The site offers visitors three historic buildings, each of which features unique architecture: the Dauphine Redoubt (1712), the Offices' Quarters (1818), and the Arsenal Foundry (1903). It was designated a Heritage Site in 1959.
At the site, characters in period costume will help you relive the rich military and industrial past of the site. Meet the maid and her master in the Officers' Quarters, the cook in the officers' kitchen, and a soldier living in the Dauphine Redoubt.

Twice daily, the heady scent of black powder fills the air during a demonstration of Tulle flintlock musket loading and firing. Don't miss a chance to gain perspective by viewing the impressive scale model of Québec City as it was in 1808. The site is open from April 1 through October 12. Tours are available year round, by reservation.

Cartier-Brébeuf National Historic Site of Canada
The Cartier-Brébeuf National Historic Site commemorates the period in 1535-1536, when Jacques Cartier and his shipmates wintered near the Iroquoian village of Stadacona. It also recalls the establishment of the first residence of the Jesuit missionaries in Québec, in 1625-1626.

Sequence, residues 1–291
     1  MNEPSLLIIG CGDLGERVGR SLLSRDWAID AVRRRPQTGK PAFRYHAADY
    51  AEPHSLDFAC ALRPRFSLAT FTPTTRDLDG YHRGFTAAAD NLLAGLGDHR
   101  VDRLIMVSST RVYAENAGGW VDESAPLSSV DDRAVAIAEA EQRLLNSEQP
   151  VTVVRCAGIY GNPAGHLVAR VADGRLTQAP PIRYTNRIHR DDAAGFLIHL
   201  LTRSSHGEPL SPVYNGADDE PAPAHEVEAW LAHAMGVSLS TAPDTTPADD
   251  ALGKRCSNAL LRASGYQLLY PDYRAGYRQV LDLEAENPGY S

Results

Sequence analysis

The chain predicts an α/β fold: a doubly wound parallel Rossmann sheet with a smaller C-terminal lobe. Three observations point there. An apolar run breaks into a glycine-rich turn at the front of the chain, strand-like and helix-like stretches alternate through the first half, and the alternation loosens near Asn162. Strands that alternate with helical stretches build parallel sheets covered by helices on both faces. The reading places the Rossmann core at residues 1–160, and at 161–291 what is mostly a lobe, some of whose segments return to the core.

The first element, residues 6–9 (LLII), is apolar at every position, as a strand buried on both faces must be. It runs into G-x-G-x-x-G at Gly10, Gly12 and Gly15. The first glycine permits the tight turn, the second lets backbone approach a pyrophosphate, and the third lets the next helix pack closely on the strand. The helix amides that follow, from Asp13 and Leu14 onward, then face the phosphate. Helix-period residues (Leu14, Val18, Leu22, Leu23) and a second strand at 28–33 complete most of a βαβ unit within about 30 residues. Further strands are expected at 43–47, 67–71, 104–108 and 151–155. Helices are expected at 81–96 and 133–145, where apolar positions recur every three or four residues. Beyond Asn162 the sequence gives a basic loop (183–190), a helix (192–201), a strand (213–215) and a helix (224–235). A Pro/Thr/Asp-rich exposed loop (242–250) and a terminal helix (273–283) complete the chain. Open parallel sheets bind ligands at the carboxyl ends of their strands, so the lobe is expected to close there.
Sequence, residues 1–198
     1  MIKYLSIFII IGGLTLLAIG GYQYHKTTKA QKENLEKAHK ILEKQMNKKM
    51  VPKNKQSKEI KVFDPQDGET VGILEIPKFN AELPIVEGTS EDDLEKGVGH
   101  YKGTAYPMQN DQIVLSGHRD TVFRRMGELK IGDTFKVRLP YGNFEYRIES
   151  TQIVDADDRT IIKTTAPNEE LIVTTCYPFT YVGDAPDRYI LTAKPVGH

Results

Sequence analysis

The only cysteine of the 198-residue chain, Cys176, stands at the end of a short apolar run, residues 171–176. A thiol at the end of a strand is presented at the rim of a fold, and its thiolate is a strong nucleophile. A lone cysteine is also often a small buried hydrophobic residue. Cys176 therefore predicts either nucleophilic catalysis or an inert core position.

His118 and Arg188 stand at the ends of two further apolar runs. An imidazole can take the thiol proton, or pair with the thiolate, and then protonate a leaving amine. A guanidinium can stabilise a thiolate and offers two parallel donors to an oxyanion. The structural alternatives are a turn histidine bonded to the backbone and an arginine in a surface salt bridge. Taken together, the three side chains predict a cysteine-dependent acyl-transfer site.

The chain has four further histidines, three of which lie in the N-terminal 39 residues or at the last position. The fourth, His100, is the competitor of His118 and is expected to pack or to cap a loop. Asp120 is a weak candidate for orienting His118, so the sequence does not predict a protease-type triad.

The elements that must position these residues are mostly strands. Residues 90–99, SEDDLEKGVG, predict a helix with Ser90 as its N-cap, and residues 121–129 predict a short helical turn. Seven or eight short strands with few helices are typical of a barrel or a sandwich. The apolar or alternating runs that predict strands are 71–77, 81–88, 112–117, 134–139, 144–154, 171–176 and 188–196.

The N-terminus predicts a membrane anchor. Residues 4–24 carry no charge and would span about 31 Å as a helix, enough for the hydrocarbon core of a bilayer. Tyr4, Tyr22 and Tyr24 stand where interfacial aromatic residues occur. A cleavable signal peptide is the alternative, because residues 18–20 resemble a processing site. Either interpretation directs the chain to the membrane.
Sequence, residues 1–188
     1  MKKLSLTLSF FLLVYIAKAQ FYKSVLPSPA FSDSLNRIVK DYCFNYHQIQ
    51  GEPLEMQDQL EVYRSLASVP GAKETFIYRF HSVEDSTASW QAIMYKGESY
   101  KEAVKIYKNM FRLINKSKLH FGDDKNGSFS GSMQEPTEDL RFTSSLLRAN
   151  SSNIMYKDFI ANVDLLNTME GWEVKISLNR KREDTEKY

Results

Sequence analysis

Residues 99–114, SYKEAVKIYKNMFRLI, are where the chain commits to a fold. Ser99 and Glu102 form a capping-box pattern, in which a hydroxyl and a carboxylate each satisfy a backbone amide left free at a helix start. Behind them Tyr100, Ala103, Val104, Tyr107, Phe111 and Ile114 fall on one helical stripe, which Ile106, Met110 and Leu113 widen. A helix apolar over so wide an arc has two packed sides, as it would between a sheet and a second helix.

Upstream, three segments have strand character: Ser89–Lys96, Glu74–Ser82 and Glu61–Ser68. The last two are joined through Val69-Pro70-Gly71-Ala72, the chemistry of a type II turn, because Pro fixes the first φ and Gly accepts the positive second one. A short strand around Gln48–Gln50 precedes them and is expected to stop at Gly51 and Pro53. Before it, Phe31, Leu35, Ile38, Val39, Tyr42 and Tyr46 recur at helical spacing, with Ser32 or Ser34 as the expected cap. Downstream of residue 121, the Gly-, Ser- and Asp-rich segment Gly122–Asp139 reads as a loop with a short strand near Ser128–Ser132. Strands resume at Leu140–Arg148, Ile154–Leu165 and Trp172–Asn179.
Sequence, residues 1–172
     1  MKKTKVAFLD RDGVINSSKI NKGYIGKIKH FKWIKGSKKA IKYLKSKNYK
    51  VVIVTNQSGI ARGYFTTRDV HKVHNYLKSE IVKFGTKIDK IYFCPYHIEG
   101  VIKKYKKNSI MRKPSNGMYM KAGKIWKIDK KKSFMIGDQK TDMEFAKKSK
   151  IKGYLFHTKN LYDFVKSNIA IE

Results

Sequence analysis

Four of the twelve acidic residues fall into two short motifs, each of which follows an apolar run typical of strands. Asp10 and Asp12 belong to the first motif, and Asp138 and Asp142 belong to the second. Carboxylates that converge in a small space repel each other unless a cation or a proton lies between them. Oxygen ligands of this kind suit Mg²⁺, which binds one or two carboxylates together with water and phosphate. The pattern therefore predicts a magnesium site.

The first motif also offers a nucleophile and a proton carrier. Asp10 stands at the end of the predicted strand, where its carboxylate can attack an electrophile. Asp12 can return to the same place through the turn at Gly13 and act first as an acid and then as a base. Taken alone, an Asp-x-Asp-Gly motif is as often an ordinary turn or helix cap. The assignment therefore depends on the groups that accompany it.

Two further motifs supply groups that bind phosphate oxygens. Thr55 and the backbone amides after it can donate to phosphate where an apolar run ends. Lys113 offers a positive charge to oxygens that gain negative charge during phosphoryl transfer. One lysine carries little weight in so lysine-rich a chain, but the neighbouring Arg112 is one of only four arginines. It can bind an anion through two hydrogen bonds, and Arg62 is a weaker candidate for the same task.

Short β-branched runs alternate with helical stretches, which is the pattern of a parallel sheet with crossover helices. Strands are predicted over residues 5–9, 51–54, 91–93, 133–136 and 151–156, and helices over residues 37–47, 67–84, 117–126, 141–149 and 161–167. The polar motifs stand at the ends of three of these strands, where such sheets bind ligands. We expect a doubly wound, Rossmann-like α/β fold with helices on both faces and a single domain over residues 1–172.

Located on the north shore of the Saint-Charles River, in the heart of Québec, the site stands as a reminder of the meeting of the European and Amerindian cultures.

The site features an exhibit on the three voyages of the explorer Jacques Cartier, an Amerindian longhouse, an interpretation kiosk on the Jesuits and a number of monuments, one of which represents the figures of Jacques Cartier and the great chief Donnacona of Stadacona.

Guest archaeologists and craftspeople regularly join the team of guide-interpreters and prepare such surprises as tastings of unusual foods, games and demonstrations of traditional techniques and the production of Amerindian objects.

The site is open year round. Reservations are required from early October through early May.